The peace of Our Lord be with you and yours,


    (I will add Lucas and I know each other personally and he has always been loving towards myself and my family and is very special to our son. We have shared many days together and life has taken us in very different directions but I know next time I see him we will share a true loving hug and for that I am ever grateful!)

    1. Daniel,

      Thank you very much for your gracious reply, and I appreciate that you received my words in the spirit of love with which I intended them. I can certainly understand the fundamental conundrum of respectful disagreement: if we believe the other is mistaken, how can we still model love & respect for his or her beliefs? I'm afraid that's a question that--as you correctly point out--requires much more thought than a combox reply, but I hope some day I can begin to figure it out.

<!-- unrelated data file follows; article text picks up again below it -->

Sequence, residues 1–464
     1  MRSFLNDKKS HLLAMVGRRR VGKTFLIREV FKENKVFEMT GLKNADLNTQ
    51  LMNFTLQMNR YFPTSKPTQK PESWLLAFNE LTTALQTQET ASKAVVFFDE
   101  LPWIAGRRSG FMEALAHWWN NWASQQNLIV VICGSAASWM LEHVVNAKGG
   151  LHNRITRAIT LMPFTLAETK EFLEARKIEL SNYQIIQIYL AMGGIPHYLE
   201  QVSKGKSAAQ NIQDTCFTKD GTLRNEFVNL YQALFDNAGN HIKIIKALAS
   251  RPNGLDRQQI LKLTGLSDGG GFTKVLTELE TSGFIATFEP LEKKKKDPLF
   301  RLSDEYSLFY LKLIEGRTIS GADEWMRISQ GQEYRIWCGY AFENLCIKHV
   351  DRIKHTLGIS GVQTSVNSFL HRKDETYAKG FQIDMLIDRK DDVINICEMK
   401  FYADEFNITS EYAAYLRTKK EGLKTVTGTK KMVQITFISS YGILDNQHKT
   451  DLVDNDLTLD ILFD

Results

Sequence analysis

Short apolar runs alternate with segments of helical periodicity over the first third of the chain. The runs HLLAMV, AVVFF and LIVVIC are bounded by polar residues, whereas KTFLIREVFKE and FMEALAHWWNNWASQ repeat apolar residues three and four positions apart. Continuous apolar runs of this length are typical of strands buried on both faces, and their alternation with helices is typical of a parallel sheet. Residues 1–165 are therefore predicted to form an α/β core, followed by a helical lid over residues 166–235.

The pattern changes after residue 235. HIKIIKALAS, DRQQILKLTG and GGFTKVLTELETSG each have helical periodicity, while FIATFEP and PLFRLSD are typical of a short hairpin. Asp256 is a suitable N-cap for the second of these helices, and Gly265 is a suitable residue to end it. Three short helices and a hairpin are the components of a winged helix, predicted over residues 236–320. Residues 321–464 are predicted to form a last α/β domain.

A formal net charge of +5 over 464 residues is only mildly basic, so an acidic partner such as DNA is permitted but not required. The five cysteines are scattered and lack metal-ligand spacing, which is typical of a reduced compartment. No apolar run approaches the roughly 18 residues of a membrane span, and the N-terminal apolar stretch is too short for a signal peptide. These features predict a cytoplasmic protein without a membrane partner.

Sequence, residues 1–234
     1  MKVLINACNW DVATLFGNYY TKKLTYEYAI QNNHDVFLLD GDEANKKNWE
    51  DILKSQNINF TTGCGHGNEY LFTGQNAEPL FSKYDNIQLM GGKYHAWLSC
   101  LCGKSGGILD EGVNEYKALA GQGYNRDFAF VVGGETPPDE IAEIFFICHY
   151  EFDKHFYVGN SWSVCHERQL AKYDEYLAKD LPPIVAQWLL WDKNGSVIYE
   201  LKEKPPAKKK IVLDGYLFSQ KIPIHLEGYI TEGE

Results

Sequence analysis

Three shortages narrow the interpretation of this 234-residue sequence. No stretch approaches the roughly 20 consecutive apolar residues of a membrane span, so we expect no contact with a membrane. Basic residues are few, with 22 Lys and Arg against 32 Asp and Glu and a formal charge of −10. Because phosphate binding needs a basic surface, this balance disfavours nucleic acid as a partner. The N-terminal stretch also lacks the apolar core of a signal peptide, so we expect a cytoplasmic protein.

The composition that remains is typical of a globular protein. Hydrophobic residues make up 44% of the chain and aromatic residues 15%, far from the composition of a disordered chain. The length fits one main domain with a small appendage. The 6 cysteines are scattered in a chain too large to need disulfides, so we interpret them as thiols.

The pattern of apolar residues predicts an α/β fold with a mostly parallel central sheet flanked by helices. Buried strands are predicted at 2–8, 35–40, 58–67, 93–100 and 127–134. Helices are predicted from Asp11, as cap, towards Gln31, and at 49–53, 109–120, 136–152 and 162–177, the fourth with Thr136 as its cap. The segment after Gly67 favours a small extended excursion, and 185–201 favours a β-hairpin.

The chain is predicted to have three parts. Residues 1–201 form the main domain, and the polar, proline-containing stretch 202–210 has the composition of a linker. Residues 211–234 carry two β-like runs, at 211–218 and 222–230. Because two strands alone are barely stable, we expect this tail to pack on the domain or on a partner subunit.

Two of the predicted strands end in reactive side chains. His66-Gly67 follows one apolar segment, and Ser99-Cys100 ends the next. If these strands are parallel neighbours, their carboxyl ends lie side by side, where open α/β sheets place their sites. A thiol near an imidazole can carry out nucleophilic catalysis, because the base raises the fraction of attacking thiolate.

Looking forward to seeing you very soon!


    2. That makes two of us who hope and pray to meet that challenging task!

  4. Strictly for purposes of reference, I offer you the account of Antiochus Strategos of the sack of Jerusalem in 614: